By Sarah Stecker
Sometimes, doing nothing can be costly. If New Jersey does not take action to separate itself from a recent federal tax change related to depreciation by businesses, the state will lose millions of dollars in the next few years.
Depreciation is a broad concept that, simply put, represents the degree of lost value of such tangible items as machines and equipment. When used for tax purposes, depreciation enables businesses to decrease their reported income – and in so doing, lower their taxes – by an amount reflecting the fact that depreciable items are now another year older and closer to being unusable. Formulas for calculating depreciation are determined by law and, obviously, businesses pay close attention to the legislative process and seek the most favorable possible treatment.
From a business standpoint, the federal economic stimulus package passed by Congress and signed into law by President Bush in March makes depreciation deductions more generous. The economic stimulus package, named the Job Creation and Worker Assistance Act of 2002, introduces what is called “bonus depreciation,” which allows businesses to claim an immediate, additional tax deduction of up to 30 percent of the cost of certain new equipment purchases – instead of following the standard accounting practice of depreciating the full cost gradually over several years.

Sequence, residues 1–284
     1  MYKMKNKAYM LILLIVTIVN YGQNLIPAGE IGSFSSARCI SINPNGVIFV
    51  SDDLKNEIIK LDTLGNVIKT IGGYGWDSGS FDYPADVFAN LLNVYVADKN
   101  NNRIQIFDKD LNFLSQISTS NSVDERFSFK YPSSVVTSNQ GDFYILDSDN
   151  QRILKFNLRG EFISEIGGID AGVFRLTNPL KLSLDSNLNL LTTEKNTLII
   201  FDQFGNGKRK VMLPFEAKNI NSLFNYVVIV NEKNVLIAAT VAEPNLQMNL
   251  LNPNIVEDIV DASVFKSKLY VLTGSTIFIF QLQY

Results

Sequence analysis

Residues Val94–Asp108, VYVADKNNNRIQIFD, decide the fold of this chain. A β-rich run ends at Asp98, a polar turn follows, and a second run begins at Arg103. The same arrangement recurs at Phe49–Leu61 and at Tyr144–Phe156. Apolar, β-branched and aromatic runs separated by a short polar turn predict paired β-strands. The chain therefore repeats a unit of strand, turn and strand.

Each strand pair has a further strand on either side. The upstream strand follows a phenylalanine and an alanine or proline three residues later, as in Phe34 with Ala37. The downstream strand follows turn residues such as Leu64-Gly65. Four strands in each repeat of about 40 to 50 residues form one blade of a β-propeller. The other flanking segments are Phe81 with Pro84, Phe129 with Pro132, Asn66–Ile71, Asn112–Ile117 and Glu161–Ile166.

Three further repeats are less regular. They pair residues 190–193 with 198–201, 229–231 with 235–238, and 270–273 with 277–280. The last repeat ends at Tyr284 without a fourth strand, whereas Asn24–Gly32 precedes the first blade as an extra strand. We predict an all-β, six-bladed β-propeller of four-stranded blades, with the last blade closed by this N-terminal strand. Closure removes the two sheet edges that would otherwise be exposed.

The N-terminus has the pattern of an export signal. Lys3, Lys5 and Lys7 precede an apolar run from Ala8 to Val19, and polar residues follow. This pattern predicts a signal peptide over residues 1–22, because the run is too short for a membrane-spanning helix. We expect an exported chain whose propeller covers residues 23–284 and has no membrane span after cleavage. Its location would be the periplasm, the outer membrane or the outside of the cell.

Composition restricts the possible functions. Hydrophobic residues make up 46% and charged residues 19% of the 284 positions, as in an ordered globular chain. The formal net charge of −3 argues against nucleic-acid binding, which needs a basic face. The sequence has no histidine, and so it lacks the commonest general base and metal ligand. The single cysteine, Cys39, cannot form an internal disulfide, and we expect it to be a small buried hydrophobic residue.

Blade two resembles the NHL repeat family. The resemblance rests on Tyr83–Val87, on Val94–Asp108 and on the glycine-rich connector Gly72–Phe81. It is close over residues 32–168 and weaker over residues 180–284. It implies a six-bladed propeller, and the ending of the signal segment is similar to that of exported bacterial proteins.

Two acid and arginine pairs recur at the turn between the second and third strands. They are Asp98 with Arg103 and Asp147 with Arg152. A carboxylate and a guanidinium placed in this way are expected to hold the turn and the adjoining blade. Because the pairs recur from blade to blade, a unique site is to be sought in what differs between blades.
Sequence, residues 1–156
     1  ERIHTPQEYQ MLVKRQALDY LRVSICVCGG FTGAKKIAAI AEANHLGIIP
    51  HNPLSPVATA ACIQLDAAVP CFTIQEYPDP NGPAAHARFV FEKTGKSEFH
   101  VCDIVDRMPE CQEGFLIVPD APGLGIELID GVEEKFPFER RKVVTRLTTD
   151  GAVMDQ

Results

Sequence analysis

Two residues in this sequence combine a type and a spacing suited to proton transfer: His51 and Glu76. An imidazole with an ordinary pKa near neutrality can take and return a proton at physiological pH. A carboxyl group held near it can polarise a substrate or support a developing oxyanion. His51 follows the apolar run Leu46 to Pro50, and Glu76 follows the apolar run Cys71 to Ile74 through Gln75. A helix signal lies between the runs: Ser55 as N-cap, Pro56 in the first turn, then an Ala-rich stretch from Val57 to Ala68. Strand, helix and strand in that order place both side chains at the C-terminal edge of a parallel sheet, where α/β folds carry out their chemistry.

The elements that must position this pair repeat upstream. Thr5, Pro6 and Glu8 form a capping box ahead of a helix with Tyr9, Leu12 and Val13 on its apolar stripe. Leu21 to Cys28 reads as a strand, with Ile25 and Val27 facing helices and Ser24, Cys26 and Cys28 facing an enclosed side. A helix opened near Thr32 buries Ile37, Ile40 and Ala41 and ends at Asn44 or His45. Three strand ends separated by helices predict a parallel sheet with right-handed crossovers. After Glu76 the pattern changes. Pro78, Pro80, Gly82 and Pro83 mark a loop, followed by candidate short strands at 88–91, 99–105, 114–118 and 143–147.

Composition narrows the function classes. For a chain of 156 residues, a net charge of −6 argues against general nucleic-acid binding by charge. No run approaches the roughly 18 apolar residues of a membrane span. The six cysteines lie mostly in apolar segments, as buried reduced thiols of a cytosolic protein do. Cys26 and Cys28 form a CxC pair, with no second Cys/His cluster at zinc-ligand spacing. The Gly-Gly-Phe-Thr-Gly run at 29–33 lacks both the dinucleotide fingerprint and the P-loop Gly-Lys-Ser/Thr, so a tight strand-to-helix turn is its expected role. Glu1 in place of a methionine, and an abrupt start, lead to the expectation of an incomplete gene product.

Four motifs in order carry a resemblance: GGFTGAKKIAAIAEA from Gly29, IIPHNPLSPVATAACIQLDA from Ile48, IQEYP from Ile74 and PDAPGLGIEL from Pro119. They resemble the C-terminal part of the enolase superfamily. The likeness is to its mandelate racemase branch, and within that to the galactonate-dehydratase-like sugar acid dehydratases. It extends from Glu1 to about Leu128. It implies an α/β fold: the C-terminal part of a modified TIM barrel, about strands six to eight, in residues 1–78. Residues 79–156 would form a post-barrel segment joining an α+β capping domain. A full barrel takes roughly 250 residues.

Like any tax break granted by the federal government, bonus depreciation will cost the federal treasury money. But the implications go deeper. Because of the way state tax laws are written, federal bonus depreciation also will cost state treasuries money. And New Jersey is among those that stand to lose the most. There are, however, steps that a state can take to protect itself from this revenue loss. This report explains the situation New Jersey faces and what can be done.
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